The Defence Force has paid out more than half a million dollars during the 16 years that two badly injured brothers have been fighting for compensation, newly released figures show.

Damien and George Nepata, who suffered horrific burns and paralysis in separate army training incidents, are awaiting a decision from Defence Minister Jonathan Coleman on whether they will receive compensation for their injuries.

In July, Parliament's Maori Affairs select committee recommended Dr Coleman authorise ex gratia payouts to the brothers, who have been battling for compensation since 1997.

During that time, the Defence Force has paid out more than half a million dollars to other claimants, figures released to APNZ under the Official Information Act show.


Defence Force chief Lieutenant General Rhys Jones said it had made 98 ex gratia payments worth $505,053.21 between 1996-97 and 2012-13.

Ex gratia payments are made in cases where there is no legal basis for a claim but where there is a moral obligation for a payment to be made.

Damien Nepata received burns to 40 per cent of his body when the Scorpion tank he was driving crashed, rolled and caught fire during training at Waiouru in 1994.

Five years earlier, his brother George was paralysed in a training accident in Singapore when he was dropped head-first by the soldiers carrying him up a slope on a stretcher.

The brothers, now aged in their 40s, received ACC payments and other entitlements for their injuries, but have never been compensated by the Government.

Damien Nepata said he was surprised by the number of ex gratia payouts the Defence Force had made since his fight began.

"That is quite a lot, actually - I'm quite surprised. I knew that there had been some, but I didn't think it would be close to a triple figure."

Mr Nepata said the Defence Force had never told the brothers up-front that it was authorised make ex gratia payments up to $30,000 without ministerial sign-off.


Instead, he had to draw out information "like pulling teeth".

"It would have been nice if they had even come to us and said, 'Look, here are the options.' But they didn't even give us that."

The brothers were looking at sums individually that could be significantly higher than the $30,000 threshold.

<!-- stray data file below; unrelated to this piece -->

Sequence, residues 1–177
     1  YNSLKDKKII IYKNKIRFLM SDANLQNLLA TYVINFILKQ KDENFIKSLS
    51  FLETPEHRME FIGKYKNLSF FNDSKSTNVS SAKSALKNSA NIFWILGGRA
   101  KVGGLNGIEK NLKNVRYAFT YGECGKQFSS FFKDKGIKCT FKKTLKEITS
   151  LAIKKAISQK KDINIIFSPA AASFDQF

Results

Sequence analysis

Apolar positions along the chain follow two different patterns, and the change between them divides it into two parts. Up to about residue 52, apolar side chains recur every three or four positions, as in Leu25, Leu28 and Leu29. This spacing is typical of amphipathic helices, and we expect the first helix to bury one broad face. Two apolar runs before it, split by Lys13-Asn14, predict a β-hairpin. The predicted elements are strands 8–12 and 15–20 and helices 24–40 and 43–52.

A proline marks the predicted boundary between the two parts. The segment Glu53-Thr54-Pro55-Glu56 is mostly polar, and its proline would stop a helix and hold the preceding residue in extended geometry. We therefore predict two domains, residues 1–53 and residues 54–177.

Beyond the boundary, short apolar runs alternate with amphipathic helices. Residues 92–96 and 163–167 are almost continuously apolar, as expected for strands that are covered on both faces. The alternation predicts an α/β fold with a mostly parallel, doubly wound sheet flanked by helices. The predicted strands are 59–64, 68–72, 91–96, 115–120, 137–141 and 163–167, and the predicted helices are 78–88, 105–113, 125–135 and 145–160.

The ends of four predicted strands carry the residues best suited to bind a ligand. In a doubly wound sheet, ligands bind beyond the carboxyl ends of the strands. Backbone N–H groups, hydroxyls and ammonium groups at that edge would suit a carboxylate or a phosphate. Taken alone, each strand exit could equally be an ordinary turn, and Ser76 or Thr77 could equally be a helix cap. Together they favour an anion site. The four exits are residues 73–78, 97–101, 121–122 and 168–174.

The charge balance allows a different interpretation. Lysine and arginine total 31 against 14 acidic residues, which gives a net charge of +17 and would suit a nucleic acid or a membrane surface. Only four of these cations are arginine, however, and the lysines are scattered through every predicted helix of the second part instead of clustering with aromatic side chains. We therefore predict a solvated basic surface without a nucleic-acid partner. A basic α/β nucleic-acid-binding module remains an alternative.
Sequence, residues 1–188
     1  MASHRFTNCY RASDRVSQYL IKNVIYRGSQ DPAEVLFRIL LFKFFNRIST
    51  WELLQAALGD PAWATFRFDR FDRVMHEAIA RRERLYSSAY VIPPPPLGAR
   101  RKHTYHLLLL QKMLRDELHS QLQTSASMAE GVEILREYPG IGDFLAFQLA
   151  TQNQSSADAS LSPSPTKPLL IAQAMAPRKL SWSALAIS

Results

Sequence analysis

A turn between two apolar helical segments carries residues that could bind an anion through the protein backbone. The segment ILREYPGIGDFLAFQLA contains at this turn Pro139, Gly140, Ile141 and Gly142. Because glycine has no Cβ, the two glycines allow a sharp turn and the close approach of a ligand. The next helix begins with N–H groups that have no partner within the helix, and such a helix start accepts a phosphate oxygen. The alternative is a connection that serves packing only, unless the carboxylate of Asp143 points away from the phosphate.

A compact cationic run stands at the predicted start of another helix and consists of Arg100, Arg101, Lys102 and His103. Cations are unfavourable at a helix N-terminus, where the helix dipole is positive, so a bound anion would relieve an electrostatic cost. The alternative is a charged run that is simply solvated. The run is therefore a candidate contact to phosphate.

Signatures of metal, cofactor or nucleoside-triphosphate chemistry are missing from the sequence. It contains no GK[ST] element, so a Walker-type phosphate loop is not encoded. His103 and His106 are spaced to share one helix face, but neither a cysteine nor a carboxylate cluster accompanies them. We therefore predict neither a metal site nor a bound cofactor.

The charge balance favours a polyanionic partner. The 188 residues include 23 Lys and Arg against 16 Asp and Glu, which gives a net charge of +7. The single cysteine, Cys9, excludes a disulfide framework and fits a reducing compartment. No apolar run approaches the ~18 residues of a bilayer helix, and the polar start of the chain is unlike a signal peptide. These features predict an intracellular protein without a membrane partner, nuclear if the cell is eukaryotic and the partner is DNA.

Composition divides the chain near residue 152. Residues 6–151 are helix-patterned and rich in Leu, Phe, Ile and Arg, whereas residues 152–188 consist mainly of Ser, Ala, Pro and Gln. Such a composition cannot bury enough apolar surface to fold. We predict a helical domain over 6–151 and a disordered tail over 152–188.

Mr Nepata said he had "slightly more hope" than the last time a select committee had recommended compensation, in 2003. That recommendation was turned down by the then Labour Government.

"We've got to this point before and had the carpet pulled out from underneath us, so we don't want to get our hopes too high unless that happens again."

George Nepata did not wish to comment until after Dr Coleman had made his decision.

That decision is understood to be due next month, but the Government is still waiting to see ACC records from both brothers.

Dr Coleman earlier said he had enormous sympathy for the brothers and was approaching the matter with an open mind. The Defence Force would not comment on the case while the matter was under his consideration.

Earlier this year, Defence Force chief of personnel Brigadier Howard Duffy said the army was very sympathetic to the brothers, but an ex gratia payment was a matter for the Government.

However, under Defence Force orders, last updated in October 2011, the force is able to authorise ex gratia payments of up to $30,000 without ministerial sign-off.

Ex gratia payments of between $30,000 to $75,000 must be authorised by the minister, while payments of more than $75,000 need to be signed off by Cabinet.

Of the ex gratia payments made since 1996, the Defence Force said in its OIA response that there was no way to differentiate between those made on Government orders and those made without.

Records of ex gratia payments before 1996 were no longer available.